Japanese Kerria, Japanese Rose, Easter Rose

Kerria japonica

Family: Rosaceae (ro-ZAY-see-ee) (Info)
Genus: Kerria (KER-ee-a) (Info)
Species: japonica (juh-PON-ih-kuh) (Info)



Foliage Color:

Unknown - Tell us

Bloom Characteristics:

Unknown - Tell us

Water Requirements:

Average Water Needs; Water regularly; do not overwater

Where to Grow:

Unknown - Tell us


4-6 ft. (1.2-1.8 m)


4-6 ft. (1.2-1.8 m)


USDA Zone 4b: to -31.6 C (-25 F)

USDA Zone 5a: to -28.8 C (-20 F)

USDA Zone 5b: to -26.1 C (-15 F)

USDA Zone 6a: to -23.3 C (-10 F)

USDA Zone 6b: to -20.5 C (-5 F)

USDA Zone 7a: to -17.7 C (0 F)

USDA Zone 7b: to -14.9 C (5 F)

USDA Zone 8a: to -12.2 C (10 F)

USDA Zone 8b: to -9.4 C (15 F)

USDA Zone 9a: to -6.6 C (20 F)

USDA Zone 9b: to -3.8 C (25 F)

Sun Exposure:

Sun to Partial Shade


Plant has spines or sharp edges; use extreme caution when handling

Bloom Color:

Bright Yellow

Bloom Time:

Mid Spring

Late Summer/Early Fall



Other details:

Unknown - Tell us

Soil pH requirements:

6.1 to 6.5 (mildly acidic)

6.6 to 7.5 (neutral)

Patent Information:


Propagation Methods:

By dividing the rootball

From softwood cuttings

By simple layering

Seed Collecting:

Allow seedheads to dry on plants; remove and collect seeds


This plant has been said to grow in the following regions:


Auburn, Alabama

Gadsden, Alabama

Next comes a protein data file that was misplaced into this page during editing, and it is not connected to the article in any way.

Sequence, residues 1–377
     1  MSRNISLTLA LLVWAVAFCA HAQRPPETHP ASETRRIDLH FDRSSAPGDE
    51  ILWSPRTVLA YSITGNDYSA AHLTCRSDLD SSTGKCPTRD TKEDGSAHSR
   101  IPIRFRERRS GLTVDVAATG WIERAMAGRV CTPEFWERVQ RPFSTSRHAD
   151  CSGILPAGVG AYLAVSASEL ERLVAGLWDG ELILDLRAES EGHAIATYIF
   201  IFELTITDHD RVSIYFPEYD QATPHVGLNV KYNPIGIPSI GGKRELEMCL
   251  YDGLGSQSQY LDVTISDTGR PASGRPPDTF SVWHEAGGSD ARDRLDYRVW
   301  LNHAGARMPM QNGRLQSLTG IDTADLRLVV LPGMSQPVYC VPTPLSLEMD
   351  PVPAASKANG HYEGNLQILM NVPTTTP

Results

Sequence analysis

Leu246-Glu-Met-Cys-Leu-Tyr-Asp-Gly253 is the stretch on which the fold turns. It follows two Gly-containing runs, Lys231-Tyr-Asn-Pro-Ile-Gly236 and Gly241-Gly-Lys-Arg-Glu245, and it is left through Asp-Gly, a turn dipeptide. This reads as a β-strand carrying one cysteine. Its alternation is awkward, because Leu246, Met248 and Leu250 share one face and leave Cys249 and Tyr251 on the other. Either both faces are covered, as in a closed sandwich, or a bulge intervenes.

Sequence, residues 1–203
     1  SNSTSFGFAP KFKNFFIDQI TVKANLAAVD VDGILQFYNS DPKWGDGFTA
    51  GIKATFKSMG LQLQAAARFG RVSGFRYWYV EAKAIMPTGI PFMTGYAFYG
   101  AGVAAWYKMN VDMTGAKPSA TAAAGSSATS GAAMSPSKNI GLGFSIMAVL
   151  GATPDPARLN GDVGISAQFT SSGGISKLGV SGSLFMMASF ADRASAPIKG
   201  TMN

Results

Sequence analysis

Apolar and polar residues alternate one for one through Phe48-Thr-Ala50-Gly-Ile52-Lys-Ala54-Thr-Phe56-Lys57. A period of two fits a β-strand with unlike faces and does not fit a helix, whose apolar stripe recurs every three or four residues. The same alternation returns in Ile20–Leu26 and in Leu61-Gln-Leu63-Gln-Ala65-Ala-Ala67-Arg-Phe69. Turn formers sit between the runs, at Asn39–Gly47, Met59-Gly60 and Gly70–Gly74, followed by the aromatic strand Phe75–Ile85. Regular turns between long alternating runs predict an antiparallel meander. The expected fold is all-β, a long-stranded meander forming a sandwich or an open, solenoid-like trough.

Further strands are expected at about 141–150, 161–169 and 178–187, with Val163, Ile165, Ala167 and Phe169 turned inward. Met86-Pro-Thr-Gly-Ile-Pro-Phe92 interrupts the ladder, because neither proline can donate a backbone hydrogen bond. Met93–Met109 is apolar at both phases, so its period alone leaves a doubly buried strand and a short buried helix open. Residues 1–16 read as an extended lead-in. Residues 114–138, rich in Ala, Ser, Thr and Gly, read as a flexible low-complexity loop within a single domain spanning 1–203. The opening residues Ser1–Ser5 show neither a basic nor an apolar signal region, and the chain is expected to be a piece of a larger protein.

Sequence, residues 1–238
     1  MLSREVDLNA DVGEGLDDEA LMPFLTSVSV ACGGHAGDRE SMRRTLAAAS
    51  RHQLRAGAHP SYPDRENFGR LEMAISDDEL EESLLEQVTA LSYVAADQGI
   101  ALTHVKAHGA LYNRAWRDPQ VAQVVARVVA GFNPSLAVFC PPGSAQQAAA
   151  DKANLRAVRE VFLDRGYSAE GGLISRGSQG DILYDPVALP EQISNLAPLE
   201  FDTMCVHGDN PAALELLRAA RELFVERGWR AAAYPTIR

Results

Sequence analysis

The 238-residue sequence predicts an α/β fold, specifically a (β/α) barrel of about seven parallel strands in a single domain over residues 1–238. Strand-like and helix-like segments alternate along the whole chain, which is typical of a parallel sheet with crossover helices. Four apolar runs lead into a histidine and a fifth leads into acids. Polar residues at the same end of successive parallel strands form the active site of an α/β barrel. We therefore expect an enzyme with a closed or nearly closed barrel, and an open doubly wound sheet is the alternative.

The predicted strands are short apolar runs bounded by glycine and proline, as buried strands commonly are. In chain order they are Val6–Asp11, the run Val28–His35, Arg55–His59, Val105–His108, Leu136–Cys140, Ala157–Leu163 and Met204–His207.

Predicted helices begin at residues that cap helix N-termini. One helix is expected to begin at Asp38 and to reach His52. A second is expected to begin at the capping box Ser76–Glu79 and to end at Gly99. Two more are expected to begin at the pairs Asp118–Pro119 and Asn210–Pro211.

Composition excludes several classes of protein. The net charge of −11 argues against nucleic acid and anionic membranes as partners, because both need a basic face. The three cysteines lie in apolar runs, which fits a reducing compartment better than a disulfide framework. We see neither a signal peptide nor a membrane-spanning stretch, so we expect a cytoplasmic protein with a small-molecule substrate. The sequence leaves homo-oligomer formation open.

Aurora, Colorado

Pensacola, Florida

Locust Grove, Georgia

Woodstock, Georgia

Boise, Idaho

Martinsville, Indiana

Ewing, Kentucky

Fallston, Maryland

Marlborough, Massachusetts

Roslindale, Massachusetts

Dearborn, Michigan (2 reports)

Madison, Mississippi

Absecon, New Jersey

Ithaca, New York

Medina, New York

Burlington, North Carolina

Hays, North Carolina

Raleigh, North Carolina

Chesterland, Ohio

Cincinnati, Ohio

Columbus, Ohio

Oklahoma City, Oklahoma

Salem, Oregon

Florence, South Carolina

Orangeburg, South Carolina

Austin, Texas

Grand Prairie, Texas

Weatherford, Texas

Hampton, Virginia

Lexington, Virginia

Norfolk, Virginia

Smithfield, Virginia (2 reports)

Seattle, Washington

Spokane, Washington

Stanwood, Washington

Buffalo, West Virginia

Menasha, Wisconsin

Porterfield, Wisconsin

show all

Gardeners' Notes:


On Aug 3, 2014, DonnaCarol24 from Smithfield, VA wrote:

I live in Smithfield, VA. It does quite well here. Does anyone know of any medicinal uses?


On May 31, 2014, coriaceous from ROSLINDALE, MA wrote:

This species does not have spines or sharp edges.


On May 30, 2014, papa1 from Dearborn, MI (Zone 5b) wrote: